Business-minded human resource executives can have a huge effect on companies’ success.
With their strong understanding of business, people directing human resource departments can transform organizational culture, help managers and employees and boost the bottom line. They use their understanding of profit-and-loss statements, recruiting methods and culture-building to enhance your human resource department and elevate the company.
When HR executives understand the operational impact of their decisions, they add value. A simple example: A company needs to improve in an area, so HR is asked to offer staff training.
Typically, training is thought of as positive and adding value to the organization’s culture. You are increasing skill and investing in employees. People agree training is important and research shows investing in your employees will give them a greater sense value and loyalty to you.
Unless HR professionals understand the business impact on operations — the training’s timing during the business cycle, the training’s duration and intended benefits, the effect of employee time away from operational activities, etc. — the positive impact is diminished.
Training for employees, team-building, management skills development and other similar activities will be better received if the business’s needs are kept in mind. People still have a job to do. And it’s the HR executives’ responsibility to balance the needs of the training and the needs of the business.
HR executives who are savvier about their companies are likelier to make better decisions and be viewed as a business partner to the departments they serve — not simply the policy police.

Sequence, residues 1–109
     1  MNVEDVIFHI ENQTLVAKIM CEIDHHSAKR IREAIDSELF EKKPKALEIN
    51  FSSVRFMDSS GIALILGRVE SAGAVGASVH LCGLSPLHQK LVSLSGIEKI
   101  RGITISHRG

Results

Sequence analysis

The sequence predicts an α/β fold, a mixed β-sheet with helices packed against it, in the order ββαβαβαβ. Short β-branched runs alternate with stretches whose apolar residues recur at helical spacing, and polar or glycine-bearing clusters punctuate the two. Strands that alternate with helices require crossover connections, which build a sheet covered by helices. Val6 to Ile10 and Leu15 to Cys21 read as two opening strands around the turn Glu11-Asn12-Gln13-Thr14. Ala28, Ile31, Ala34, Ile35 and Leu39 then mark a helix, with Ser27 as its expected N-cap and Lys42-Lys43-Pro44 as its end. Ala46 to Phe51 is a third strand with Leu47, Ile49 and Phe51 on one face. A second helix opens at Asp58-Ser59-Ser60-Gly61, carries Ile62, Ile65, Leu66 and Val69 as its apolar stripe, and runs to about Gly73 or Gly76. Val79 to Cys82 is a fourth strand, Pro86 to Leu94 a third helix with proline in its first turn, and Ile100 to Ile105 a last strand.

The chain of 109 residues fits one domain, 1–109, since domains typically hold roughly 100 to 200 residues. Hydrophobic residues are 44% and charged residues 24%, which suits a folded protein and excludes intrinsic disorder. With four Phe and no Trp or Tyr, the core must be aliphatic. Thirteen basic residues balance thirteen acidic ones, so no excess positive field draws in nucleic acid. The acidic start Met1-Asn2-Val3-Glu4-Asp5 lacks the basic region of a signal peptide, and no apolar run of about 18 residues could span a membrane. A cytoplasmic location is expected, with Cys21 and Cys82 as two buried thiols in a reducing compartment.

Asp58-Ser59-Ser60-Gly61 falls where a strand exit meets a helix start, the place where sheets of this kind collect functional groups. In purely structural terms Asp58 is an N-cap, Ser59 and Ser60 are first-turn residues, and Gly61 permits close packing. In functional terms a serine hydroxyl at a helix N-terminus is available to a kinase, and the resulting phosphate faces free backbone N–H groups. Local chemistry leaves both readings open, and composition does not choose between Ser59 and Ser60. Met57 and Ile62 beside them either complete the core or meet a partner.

The easiest way to build this knowledge is directly with the operational departments in the company. Ask how they make money, what needs to happen to help facilitate that and how HR can support, not inhibit, operations. Ask to sit in on financial reviews with operations so HR gains a better understanding of what makes the other departments tick.
The most successful HR executives we work with understand their role as organizational culture builders and culture keepers. They understand and help others to understand how every department interconnects.
Making it a point to be visible and engage with the operational department will help foster big-picture thinking and help build company culture and relationships.
The relationship work builds trust and will have a positive impact when issues arise. Some leaders understand only their responsibilities, not the impact they’re having on other parts of the business.
Understanding the impact HR has on the revenue generating department can help break down silos. Communication and interaction with operations helps to create the transformational HR leader who intentionally creates the culture the business wants.
“How will I find the time?” is often the question we get asked. Look hard at what you are spending your time on. Is there anything that can be delegated or outsourced? Help yourself succeed.
What is the value of an hour of your time? Is the hour you are spending on X or Y task getting you at least that dollar amount in return? If not, consider delegating, deleting or outsourcing the task.
A company’s overall financial well-being hinges on the understanding of the company’s culture, needs, bottom line and related industry issues.
Greater success comes with greater understanding of impact. HR executives can lead the charge.
Ann Simmons Nicholson is owner of Simmons Group, a Las Vegas consultancy that helps companies with their strategic talent needs, executive development, training and human resources. She has worked with clients ranging from the Las Vegas Convention and Visitors Authority and hotel/casino operators to manufacturing companies and nonprofits.